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Inspired To T’shuva
By Menachem Ziegelboim

In preparation for the month of Elul, the Month of T’shuva, Beis Moshiach presents the following stories about making the move towards t’shuva

There are those who acquire their World to Come in but an hour

It was the summer of 5732 (1972). Dr. Avrohom Goldensky made his final preparations for his trip back to Eretz Yisroel from the U.S. after a year of work on behalf of the Israeli Ministry of Transportation. One day before his return flight, one of his friends suggested he have a private audience with the Lubavitcher Rebbe. “Since you’re here already, it’s a shame to miss out on the opportunity,” said his friend. Although Dr. Goldensky was a “Mapainik” and an avowed socialist, he followed up on the idea and called the number he had been given to arrange an appointment to see the Rebbe.

Years before, Dr. Goldensky had been in a serious traffic accident and the doctors had been forced to amputate a portion of both his legs. Thanks to his determination, Dr. Goldensky had overcome his handicap and returned to his job at the Transportation Ministry, where he had worked for years.

The Rebbe’s secretary gave him an appointment at 1:00 a.m., two days before his flight. When he entered the Rebbe’s room, the Rebbe rose and helped him sit down. The Rebbe and the doctor began to talk, the Rebbe taking an interest in his work and asking him about the research he had done on Breslov Chassidus and various other topics.

At the end of their meeting, the Rebbe suddenly changed the tone of the conversation and began to speak about his health. “It pays to stay on a bit in the United States,” said the Rebbe. “You should see Dr. _____ for an examination.” The Rebbe added that the cost of the visit would be his responsibility.

Then the Rebbe asked about his family and his only daughter, and even asked Dr. Goldensky not to forget to send him an invitation to his daughter’s wedding. Dr. Goldensky was taken aback and pointed out that his daughter was still young and not ready for marriage, but the Rebbe insisted.

Dr. Goldensky left the yechidus in great wonderment. This was his first encounter with the Rebbe and he was already interested in marrying off his daughter and he even decided he had to see a doctor! He didn’t know how much the Rebbe knew about medicine, but something inside him compelled him to listen to the Rebbe, so he postponed his flight.

That same night the Rebbe personally made sure that Dr. Goldensky had an appointment with a top doctor. The doctor examined and x-rayed his patient, and when he finished, he left Dr. Goldensky shocked by the results. “It was a miracle you were examined now,” he said, “for your spinal column is about to deteriorate due to your build. However, you don’t have to be treated here. You can have it done in Hadassah Hospital in Israel.”

The next day Dr. Goldensky went back to 770 in order to thank the Rebbe. By now he was no longer wondering about the Rebbe’s medical knowledge.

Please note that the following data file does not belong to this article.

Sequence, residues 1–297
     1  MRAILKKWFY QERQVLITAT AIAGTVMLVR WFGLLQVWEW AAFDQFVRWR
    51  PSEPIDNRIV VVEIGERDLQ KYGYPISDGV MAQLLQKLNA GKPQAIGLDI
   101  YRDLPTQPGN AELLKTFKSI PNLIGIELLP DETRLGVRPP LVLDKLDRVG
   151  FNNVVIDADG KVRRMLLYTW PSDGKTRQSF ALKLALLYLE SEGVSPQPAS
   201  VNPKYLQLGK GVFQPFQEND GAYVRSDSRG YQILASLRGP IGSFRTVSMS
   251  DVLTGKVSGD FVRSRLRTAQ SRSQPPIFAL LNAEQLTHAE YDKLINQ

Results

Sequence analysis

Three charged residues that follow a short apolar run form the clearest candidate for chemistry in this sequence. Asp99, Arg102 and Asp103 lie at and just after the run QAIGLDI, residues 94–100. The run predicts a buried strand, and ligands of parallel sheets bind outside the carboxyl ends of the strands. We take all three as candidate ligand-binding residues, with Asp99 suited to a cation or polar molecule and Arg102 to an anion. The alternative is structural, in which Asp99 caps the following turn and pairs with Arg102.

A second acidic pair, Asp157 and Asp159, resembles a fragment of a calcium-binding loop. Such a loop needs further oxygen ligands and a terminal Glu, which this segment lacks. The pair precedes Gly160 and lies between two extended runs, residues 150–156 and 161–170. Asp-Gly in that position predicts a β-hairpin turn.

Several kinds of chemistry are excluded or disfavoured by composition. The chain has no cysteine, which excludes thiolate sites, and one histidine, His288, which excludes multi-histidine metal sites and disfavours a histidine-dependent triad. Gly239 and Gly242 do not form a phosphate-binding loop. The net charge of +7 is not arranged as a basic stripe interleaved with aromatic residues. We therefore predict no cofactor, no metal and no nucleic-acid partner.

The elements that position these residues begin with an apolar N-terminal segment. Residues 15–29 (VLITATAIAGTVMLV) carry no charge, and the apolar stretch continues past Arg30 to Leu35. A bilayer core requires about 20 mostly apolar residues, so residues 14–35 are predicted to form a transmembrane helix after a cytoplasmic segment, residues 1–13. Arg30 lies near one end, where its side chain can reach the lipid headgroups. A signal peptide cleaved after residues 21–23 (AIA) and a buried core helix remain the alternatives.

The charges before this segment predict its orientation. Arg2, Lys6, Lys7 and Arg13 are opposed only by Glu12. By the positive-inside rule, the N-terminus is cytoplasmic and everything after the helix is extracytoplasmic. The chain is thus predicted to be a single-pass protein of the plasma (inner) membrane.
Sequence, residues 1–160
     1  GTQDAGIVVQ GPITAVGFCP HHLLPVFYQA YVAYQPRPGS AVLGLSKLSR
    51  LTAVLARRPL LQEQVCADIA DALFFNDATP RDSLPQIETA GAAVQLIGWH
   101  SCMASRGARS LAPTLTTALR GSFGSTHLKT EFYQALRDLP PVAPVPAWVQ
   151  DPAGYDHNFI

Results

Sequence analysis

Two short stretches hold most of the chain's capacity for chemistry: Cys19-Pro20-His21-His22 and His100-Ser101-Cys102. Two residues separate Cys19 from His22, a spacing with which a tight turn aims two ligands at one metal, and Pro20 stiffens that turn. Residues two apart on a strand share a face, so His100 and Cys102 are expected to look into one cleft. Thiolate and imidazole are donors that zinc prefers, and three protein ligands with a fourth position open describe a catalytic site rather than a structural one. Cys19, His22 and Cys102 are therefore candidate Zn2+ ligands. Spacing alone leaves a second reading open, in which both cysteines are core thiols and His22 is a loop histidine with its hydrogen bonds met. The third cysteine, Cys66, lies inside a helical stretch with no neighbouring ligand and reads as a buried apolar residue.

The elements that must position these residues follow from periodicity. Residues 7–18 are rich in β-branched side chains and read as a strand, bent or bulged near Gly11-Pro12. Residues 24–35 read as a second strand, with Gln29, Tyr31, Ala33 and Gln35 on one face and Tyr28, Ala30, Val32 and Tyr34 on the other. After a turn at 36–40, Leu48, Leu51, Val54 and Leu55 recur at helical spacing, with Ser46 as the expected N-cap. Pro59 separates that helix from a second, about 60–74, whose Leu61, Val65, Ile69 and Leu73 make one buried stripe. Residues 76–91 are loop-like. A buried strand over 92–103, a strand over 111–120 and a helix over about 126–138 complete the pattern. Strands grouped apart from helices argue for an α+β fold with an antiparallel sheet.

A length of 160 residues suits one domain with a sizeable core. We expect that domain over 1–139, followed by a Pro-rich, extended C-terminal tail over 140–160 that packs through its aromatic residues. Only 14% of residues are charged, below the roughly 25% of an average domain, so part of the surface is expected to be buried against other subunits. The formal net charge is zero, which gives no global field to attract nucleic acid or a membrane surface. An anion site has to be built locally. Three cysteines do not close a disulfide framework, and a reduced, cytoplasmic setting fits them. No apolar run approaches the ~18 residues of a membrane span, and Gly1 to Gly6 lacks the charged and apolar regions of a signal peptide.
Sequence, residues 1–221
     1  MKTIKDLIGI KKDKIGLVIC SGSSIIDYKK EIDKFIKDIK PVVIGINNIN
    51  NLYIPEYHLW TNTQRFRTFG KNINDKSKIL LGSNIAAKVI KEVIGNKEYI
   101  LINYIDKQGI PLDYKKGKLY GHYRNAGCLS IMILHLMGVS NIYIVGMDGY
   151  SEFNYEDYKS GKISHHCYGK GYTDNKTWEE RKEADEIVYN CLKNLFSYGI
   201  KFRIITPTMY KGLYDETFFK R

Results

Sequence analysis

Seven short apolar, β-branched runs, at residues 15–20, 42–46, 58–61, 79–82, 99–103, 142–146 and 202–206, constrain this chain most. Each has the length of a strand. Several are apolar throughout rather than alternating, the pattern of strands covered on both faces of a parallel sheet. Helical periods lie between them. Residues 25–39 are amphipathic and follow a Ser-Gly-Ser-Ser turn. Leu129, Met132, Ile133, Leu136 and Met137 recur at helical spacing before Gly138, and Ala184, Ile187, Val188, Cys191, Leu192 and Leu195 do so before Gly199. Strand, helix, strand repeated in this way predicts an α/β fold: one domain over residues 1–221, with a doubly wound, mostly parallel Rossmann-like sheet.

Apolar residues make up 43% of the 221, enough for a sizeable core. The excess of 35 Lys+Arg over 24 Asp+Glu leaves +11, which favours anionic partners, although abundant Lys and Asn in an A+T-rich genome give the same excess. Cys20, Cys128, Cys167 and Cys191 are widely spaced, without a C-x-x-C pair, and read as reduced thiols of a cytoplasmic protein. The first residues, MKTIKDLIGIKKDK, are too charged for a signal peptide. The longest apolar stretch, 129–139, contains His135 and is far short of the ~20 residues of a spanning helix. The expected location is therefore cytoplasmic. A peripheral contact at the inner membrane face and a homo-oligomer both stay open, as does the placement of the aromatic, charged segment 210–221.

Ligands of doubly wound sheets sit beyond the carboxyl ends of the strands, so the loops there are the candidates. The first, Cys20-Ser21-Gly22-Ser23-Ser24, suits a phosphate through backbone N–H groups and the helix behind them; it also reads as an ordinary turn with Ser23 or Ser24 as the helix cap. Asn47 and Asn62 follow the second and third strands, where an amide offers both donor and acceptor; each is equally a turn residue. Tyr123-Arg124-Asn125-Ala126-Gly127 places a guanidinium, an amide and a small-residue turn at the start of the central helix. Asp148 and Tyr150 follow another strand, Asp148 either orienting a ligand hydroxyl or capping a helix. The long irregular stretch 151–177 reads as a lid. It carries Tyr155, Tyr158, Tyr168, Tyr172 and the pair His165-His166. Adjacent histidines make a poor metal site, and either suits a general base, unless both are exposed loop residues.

When the Rebbe entered 770, he stopped to speak with the doctor, who reported to the Rebbe about his examination. Then the Rebbe said, “Since there will be a farbrengen on Shabbos, you are invited to stay for the farbrengen. I will remind you once again, don’t forget to send me an invitation to your daughter’s wedding.”

Dr. Goldensky spent Shabbos in Crown Heights and even attended the Rebbe’s farbrengen, during which he enjoyed many kiruvim from the Rebbe. The Rebbe told him to say l’chaim and treated him in a most special way.

Before leaving for Eretz Yisroel, the Rebbe blessed him with a good trip and asked him to keep in touch with Anash in Yerushalayim. Once again the doctor heard the familiar line, “I am reminding you for the third time, don’t forget to invite me to your daughter’s wedding.”

Greatly taken aback, Dr. Goldensky left 770 for the airport. In Yerushalayim he became friendly with Chabad Chassidim, who came to change the mezuzos of his home and to help him put on t’fillin.

Being an intellectual, he began taking in interest in Chassidus and later established a weekly Chassidus class. Many of his acquaintances, hearing him talk about the Rebbe’s greatness and his prophetic vision, joined his Chassidus classes.

Three years passed since his yechidus. His only daughter was about to marry. He hadn’t forgotten the Rebbe’s thrice-made request, and happy to fulfill the Rebbe’s wishes, he duly sent the Rebbe an invitation…

One day, Dr. Goldensky suffered a sudden heart attack and was hospitalized in Yerushalayim. His Chassidic acquaintances came to visit. A few days later, with perfect timing, he received a letter from the Rebbe, covering three and a half pages. The Rebbe blessed him in honor of his daughter’s wedding and explained the significance of marriage according to Chassidic thought.

The Chassidim brought him the letter, in which the Rebbe demanded that he begin to fulfill the mitzvos – “for that is man’s entire purpose.”

“No doubt you will suspect me, rightfully so, that my intent in writing the above is not for the sake of homiletics, and is certainly not for the sake of giving mussar, ch’v, but only as it pertains to actual deed. The main thing is the deed, i.e., actual mitzvos; not only understanding their value, but to actually perform them. That is the most important thing. It does not matter a great deal whether understanding is delayed and only comes after the actual fulfillment.”